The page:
The Passing Of Curtis Pitts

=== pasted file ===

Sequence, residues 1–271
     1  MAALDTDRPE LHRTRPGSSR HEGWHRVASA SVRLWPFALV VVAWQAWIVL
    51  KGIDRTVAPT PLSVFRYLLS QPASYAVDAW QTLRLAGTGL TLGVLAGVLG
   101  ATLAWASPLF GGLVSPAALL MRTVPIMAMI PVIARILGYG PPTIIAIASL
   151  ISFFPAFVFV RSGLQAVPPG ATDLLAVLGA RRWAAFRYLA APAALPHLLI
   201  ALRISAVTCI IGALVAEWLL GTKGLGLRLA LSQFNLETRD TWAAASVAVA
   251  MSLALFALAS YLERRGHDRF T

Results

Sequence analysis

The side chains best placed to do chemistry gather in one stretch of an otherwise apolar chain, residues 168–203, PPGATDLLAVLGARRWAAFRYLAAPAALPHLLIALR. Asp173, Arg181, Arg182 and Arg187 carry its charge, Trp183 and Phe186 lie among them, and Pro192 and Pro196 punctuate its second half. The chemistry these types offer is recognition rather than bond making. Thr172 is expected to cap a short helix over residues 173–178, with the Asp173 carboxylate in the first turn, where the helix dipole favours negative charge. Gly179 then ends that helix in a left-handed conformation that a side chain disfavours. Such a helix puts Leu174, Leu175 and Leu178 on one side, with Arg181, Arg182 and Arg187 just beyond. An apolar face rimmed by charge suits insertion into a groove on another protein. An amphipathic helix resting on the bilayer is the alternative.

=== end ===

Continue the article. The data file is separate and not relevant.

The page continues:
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The man whose nimble little biplane spawned a whole segment of aviation design, competition and just plain fun died Friday. Curtis Pitts, whose Pitts Special became the standard for sport aviation for 60 years, was 89. He died in the hospital from complications resulting from a heart valve replacement. EAA President Tom Poberezny, who has more than 3,300 hours on Pitts Specials, said Pitts had a tremendous influence on him personally. "More important was his personality and willingness to share so much with those who were in pursuit of aviation as a career, recreation, or aerobatic performer," he said. "As we mourn, we should take this opportunity to celebrate his life and contributions to the aviation community." Pitts designed the airplane from the ground up to be an aerobatic performer, with fast roll rates and crisp handling. In 1966, Bob Herendeen won the U.S. National Aerobatics Championships in a Pitts.